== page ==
prediction at this location. These results would indicate that CFAST may not be capable of
calculating flows inside of large volumes. This is in contrast to work done by Chow
55
which had
success in using CFAST to model a large volume by subdividing that volume into smaller
compartments. However, that work only subdivided the volume horizontally, not horizontally
and vertically as was done by this author. CFAST's performance here is not surprising as
CFAST was never designed with such flows in mind; however, this does question the ability to
use CFAST for large atrium style spaces. Further work is warranted in examining the use of such
subdivisions for modeling large volumes with CFAST.
6.2.2.3 T52.14 CFAST Gas Concentration Results
Figures 6.35, compares measured values for the oxygen, carbon dioxide, and carbon monoxide
concentrations in the upper layer of the doorway with CFAST predictions. As discussed in the
introductory sections, one of the greatest challenges for modeling a fire is the description of the
combustion process, especially for underventilated fires. Unless an experiment exists for the
exact geometry and test conditions being modeled, a CFAST user must make assumptions

74
regarding the combustion product outcomes for a fire. These assumptions greatly impact its
predictive capabilities. The following figures will illustrate aspects of this difficulty.
0.0
0.3
0.6
0.9
1.2
1.5
0 5 10 15 20 25 30 35 40 45 50 55 60
Time (min)
V
e
l
o
c
i
t
y

(
m
/
s
)
CFAST
CV 434
CV 9301
Figure 6.34: T52.14 Dome to Level 1.900 by Main Staircase Velocities, Measured vs. CFAST
0
2
4
6
8
10
12
14
16
18
20
22
0 5 10 15 20 25 30 35 40 45 50 55 60
Time (min)
O
2
,

C
O
2

M
o
l
e

F
r
a
c
t
i
o
n

(
v
/
o
)
0.0
0.5
1.0
1.5
2.0
2.5
3.0
3.5
4.0
4.5
5.0
5.5
C
O

M
o
l
e

F
r
a
c
t
i
o
n

(
v
.
o
)
CG9602-O2
CG9603-CO2
CFAST O2
CFAST CO2
CG9601-CO
CFAST CO
Figure 6.35: T52.14 Doorway Upper Layer O2, CO2, and CO, Measured vs. CFAST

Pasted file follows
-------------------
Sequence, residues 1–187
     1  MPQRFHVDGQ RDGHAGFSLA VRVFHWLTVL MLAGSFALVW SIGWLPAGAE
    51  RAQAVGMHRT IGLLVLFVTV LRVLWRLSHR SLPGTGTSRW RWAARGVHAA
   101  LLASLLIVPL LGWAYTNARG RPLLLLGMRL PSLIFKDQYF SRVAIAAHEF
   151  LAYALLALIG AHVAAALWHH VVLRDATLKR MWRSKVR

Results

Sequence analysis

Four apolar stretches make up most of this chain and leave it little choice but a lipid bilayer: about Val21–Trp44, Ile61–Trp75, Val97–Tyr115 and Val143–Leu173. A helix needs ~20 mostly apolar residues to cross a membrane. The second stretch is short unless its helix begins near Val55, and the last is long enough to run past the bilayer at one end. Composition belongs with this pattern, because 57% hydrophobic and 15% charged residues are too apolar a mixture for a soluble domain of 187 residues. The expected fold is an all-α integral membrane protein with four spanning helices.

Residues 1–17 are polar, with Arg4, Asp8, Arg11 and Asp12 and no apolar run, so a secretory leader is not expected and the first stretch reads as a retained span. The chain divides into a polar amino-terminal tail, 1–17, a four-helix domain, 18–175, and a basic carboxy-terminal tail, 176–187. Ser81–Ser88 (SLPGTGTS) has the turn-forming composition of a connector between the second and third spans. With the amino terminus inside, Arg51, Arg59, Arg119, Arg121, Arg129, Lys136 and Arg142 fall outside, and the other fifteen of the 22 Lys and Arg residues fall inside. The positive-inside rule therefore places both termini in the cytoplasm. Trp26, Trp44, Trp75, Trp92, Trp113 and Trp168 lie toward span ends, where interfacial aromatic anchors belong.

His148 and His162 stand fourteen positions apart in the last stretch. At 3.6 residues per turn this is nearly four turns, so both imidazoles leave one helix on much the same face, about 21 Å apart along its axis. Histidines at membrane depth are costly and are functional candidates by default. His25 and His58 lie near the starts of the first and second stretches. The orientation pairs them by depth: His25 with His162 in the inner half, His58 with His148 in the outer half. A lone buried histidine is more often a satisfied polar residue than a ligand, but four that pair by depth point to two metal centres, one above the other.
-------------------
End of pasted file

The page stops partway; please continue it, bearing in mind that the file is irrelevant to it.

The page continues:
The CFAST prediction for oxygen, up until the peak of the fire near four minutes, lies ontop of
the measured oxygen concentration. At this point in time the predictions and the data diverge.
The CFAST prediction undergo an oscillation between 6 v/o and 10 v/o and then 6 v/o and 12
v/o as the fire's intensity dwindles before the fuel addition begins. After the fuel addition starts
the CFAST prediction slowly decreases to 8 v/o. The measured concentration shows a markedly

75
different behavior. After the peak of the fire, the data continues to decrease until the upper layer
is completely depleted of oxygen. This condition remains until the end of the fire. CFAST does
not successfully predict the oxygen concentration in the fire room during the fire. At the end of
the fire the CFAST predicted concentrations do not fully recover to near ambient conditions.
The data, however, show a quick recovery to the original concentration after the fire ends,
followed by a slow decrease of 2 v/o as the global circulation loop continues to mix the
oxygen-depleted atmosphere deposited in the dome throughout the facility.
Similar observations can be made for the CO2 concentration prediction. Again CFAST
performance is excellent during the first two minutes of the fire, but afterwards the predictive
quality worsens considerably. During the steady-state portion of the fire, the model
underpredicts the CO2 concentration by 8 v/o, 4 v/o predicted versus 12 v/o measured, an error of
66 % which is well outside acceptable limits. A portion of this may be due to combustion
product specification in the input file, however, if the mass of CO and soot specified in the input
file were zeroed out this would only increase the amount of CO2 by 2.5 times or from 4 v/o to 10